When Paula gets pregnant
The Paula Principle, Motherhood and Flexible Working
by Rhiannon Fielder-Hobbs
Today I am wearing the mirage of millennial professionalism. Laptop on the cafe table, coffee in hand. Yesterday I was scrubbing toilets. Perhaps, just call me Paula?
The Paula Principle, as penned by Tom Schuller in his book of the same name, looked to explore and explain the reasons behind “women working below their levels of competence” and find solutions for this problem. The name is a comparison to the Peter Principle first put forward by Laurence J Peter and published as a book in 1969 by L.J Peter and Raymond Hull.
The Peter Principle became popular as a tool for exploring how people (namely men at the time of its writing) were promoted through hierarchical systems on the basis that “every employee tends to rise to his level of competence”. The Paula Principle acts as a mirror, demonstrating how women in the same system have a very different experience.
As Schuler stated in his 2017 book “girls outperform boys through school and beyond”, a fact still true five years later. What is also still true in 2022, is that career paths remain “flatter” for women. Schuler writes “we expect women to succeed in school and college, and they do so, in far greater numbers than men. But when it comes to material returns to education, change has been a lot slower.” What are the reasons for this gendered landscaping in the workforce, and how and why is it to be avoided?
The Paula Principle forms five main categories:
- Discrimination – Women denied jobs and fair pay based purely on their sex.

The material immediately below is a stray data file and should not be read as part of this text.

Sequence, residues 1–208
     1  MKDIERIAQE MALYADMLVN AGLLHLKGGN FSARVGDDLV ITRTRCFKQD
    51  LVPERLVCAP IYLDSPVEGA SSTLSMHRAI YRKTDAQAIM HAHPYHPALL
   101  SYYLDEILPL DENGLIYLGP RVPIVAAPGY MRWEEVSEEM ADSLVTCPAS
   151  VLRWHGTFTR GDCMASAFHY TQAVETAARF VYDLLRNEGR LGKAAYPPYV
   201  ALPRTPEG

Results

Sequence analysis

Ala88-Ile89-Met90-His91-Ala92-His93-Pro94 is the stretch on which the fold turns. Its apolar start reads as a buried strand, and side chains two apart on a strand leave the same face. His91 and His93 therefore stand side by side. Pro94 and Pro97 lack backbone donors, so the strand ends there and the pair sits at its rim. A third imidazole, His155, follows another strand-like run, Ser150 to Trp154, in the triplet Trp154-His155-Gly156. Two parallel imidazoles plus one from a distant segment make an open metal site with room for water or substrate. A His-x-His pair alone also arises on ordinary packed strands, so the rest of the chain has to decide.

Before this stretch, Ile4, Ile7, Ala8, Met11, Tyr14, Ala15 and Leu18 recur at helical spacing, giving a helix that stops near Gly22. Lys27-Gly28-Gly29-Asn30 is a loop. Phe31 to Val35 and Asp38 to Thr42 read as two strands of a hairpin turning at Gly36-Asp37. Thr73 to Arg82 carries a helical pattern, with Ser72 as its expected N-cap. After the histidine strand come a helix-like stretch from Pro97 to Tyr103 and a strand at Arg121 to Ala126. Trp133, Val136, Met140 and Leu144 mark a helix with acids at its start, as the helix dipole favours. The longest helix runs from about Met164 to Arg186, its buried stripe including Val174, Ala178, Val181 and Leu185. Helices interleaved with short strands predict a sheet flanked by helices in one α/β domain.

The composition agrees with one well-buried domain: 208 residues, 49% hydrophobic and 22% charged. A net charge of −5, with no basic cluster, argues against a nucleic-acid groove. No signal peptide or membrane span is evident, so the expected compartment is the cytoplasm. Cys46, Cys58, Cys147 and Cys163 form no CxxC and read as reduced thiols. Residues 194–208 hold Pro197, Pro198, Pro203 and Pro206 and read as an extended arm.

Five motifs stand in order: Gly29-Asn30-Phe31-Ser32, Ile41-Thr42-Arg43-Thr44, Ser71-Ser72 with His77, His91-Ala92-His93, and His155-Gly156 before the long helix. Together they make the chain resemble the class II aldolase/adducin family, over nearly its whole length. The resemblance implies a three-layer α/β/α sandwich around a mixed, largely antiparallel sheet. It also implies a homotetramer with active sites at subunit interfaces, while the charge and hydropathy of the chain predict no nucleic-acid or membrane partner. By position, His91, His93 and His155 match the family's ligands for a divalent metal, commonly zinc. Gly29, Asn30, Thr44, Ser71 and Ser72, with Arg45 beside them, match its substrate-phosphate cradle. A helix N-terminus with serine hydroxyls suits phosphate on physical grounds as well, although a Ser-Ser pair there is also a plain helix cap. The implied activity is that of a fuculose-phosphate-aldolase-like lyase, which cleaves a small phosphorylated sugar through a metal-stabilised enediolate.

- Structural – Namely, the absence or expense of childcare.
- Psychological – Women often lack the self-confidence to put themselves forward for a job even when they are well qualified to do it.
- Vertical Network – Connections; women tend to know fewer people in higher level jobs who can help them with mentoring and information.
- Positive Choice – Not to rise as high as they might. They may opt for a better quality of life, including working life, by not subjecting themselves to the strains and stresses of working at full or even overextended capacity.
The above presents an overview of the categories in their most simplistic form. Each is vast and worthy of exploration and debate. In my experience it is the concoction of all of them that can leave women functioning well below their capabilities.
Structural limitations – holding children and holding onto a career
It is the second category, “structural”, that stood out for me on first reading and felt the most relevant to my own journey. The category that proves to be too often the nail in the coffin for women who want to hold children whilst holding onto a fulfilling career, or even just a job.